Clearly the line between what’s appropriate and what isn’t is quite subjective and it seems like having rules that hard to understand and enforce would just be a pain for everyone involved. Plus there is a lot of room for interpretation. For instance, the whole “shoes are a must” policy that most gyms have seems reasonable… unless you are into barefoot workouts. I went through a phase where I only wanted to run barefoot on the treadmill and I got several severe talking-to’s. Wouldn’t it be nice if gyms could just treat us like the adults we are and trust us that we’ve mastered the skill of dressing ourselves? I think the vast majority of people are very reasonable and the few who aren’t probably wouldn’t bother with rules anyways.
On the other hand, gyms have a right to set the rules for using their property and some dress codes have legit safety reasons. Plus anyone who’s ever had to watch a man do an entire spin class in nothing but tighty-whities and knee-high black dress socks (like I have) knows that there will always be somebody who will push the edge of reasonableness and if you don’t have an actual policy in writing then you won’t have a legal leg to stand on. And there has to be a line somewhere, preferably before “no naked.” If we’ve learned anything from Miley Cyrus it’s that people + no rules + thong leotards = anarchy.
But it’s not just aesthetics that are at play here. How we dress reflects not only our fashion taste but also things like socioeconomic status, moral standards, gender and religion — all of which can be fraught in public spaces. Would you punish someone who couldn’t afford official “exercise clothing” and shows up in street wear? Would you tell a trans-woman she has to follow the male dress code? Would you force a conservatively religious woman to wear something she considers immodest? All to conform to your rules?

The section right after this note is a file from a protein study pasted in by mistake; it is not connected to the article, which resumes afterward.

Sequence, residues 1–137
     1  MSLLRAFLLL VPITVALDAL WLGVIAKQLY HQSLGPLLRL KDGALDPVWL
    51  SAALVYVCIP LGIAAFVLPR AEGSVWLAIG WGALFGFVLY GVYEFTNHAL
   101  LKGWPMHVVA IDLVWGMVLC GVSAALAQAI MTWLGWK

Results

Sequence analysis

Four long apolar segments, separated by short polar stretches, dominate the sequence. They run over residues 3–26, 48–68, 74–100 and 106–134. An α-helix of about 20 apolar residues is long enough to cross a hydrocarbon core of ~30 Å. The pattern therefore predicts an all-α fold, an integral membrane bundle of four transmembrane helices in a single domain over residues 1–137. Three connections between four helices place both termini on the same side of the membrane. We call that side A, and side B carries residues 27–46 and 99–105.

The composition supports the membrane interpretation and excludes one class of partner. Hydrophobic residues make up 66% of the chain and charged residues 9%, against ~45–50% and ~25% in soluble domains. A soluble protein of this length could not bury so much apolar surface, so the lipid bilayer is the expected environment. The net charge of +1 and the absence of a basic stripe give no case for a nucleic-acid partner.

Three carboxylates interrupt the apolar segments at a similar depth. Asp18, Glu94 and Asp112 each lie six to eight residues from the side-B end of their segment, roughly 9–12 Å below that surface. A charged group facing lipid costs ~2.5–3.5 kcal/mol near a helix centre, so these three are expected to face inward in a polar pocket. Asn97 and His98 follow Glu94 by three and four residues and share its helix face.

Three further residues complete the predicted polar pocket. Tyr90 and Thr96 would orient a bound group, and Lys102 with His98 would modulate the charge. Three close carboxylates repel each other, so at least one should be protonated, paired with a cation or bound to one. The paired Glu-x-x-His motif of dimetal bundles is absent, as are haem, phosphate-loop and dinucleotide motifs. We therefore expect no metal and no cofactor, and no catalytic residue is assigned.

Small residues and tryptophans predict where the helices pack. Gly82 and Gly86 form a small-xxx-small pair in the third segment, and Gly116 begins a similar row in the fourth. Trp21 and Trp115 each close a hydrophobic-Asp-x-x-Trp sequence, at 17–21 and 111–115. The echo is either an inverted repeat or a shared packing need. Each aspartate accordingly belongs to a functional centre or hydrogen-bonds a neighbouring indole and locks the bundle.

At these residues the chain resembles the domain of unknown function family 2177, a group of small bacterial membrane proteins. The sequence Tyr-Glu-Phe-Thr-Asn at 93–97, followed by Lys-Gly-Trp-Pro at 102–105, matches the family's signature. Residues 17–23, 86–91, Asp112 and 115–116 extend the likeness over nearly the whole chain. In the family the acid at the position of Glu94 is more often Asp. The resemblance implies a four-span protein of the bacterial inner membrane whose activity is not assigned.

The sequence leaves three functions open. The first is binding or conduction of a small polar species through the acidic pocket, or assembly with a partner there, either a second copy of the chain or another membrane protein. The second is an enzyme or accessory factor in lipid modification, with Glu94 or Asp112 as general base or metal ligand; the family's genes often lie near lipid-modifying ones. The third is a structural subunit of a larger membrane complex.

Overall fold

I remember at my old gym there was an on-going controversy about what the ethnic Somali refugees, most of whom were Muslim, could wear. As the women often wore long, loose robes over long pants and shirts with full head coverings (even in the pool), some worried their clothing was a risk for drowning, contamination, over-heating or getting caught in machines. (Although to my eyes it just looked uncomfortable but far be it from the Mormon girl who’s covered from knee to clavicle even in 110 degrees to question anyone else’s religious strictures.)
The controversy got so heated that for a while people were talking about actually banning people that wore traditional full coverings, even children, since they were breaking the dress code rule about “no street clothes” and “appropriate swim attire”. Gym integrity or religious discrimination? One YMCA in my old stomping grounds solved the problem by starting a swim class just for Muslim Somali-American girls. In addition to allowing the girls to wear their clothing, the Star Tribune reports that other measures were taken to ensure compliance with their religious and cultural requirements. “During the hourlong swim practice, all other swimmers are cleared out of the pool. The men’s locker room is locked. Female life guards are brought in. The pool, which is on the building’s third floor, has no windows so they don’t have to worry about prying eyes from outside.”
Were some people inconvenienced by the new dress code and other rules? Probably. But did a bunch of girls who likely would never have gotten in the pool learn to swim? Definitely. And I’d call that a huge win.
In the end, the whole point of gyms is to help more people work out more often (okay, and to help the gym owners make more money), right? So it seems that any policy that would allow more people to come exercise would be the best, both practically and financially. Do we really want to be looking for reasons to tell people to stop exercising?
What do you think – should gyms even have dress code policies anymore? What’s the strangest thing you’ve ever seen someone wear at the gym? What’s the weirdest gym rule you’ve ever seen?
Because I don’t ever want to work out in a gym where this isn’t allowed.